- Aggregation/curation: I'm still waiting for the first big newspaper site to take a serious crack at aggregating all the local news and information it can find, regardless of source, and establishing itself as the expert on all things local. (Hint: Watch the Chicago Tribune to break the mold here in the next few weeks.) It's a logical extension of the local brand, and it's a lot cheaper than putting more reporters on the street.
- Vertical products: One of the most broken things about the newspaper business is the "all things to all people" model. By trying to do a little of everything, newspapers don't really do anything well—for readers or for advertisers. New products that focus on specific, vertical audiences should be the wave of the future, but so far they're barely even a trickle (let's see—there's Gannett's MomsLikeMe franchise, and then...not much else).
- Hyperlocal: Just about everything else you can think of—national news, international news, movie reviews, even sports—is done as well or better on the Web. Which leaves local as the last truly defensible newspaper franchise (at least until some startup figures it out). Newspapers should be reorganizing their staffs around local news and information, aggregating where possible and reaching out to blogs and user-generated content to fill the holes. That can result in a package of unique content that readers can't get anywhere else.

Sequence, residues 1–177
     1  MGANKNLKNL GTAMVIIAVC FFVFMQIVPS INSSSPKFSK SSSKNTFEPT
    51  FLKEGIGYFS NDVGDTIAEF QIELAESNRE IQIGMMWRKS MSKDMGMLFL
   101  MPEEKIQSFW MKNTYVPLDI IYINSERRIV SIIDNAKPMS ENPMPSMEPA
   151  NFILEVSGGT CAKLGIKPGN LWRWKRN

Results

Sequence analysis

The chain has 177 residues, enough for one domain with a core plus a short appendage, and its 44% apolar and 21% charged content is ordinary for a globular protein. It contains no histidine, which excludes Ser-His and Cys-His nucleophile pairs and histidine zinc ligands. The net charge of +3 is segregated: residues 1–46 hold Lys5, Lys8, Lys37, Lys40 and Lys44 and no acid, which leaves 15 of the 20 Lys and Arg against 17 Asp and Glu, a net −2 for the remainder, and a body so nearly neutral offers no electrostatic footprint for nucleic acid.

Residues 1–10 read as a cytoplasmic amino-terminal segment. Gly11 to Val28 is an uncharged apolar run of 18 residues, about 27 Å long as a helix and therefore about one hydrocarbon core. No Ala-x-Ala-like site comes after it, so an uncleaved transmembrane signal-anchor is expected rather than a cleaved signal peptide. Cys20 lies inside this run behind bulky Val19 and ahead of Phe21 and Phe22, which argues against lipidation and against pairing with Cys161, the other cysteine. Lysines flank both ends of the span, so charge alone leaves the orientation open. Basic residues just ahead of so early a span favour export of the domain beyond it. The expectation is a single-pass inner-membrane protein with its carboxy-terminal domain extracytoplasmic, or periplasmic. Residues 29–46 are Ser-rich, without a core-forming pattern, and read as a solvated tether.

- SEO: Instead of thinking of Google as the enemy, find ways to use it better. Search-engine optimization is standard procedure for successful Web sites, but all but unheard-of among newspaper sites. (Want proof? Search for a big local issue, name or icon, and see if the local newspaper site appears anywhere near the top of the results.) Newspaper sites should be doing everything they can to draw in readers who are searching for information that's all but hidden on their sites.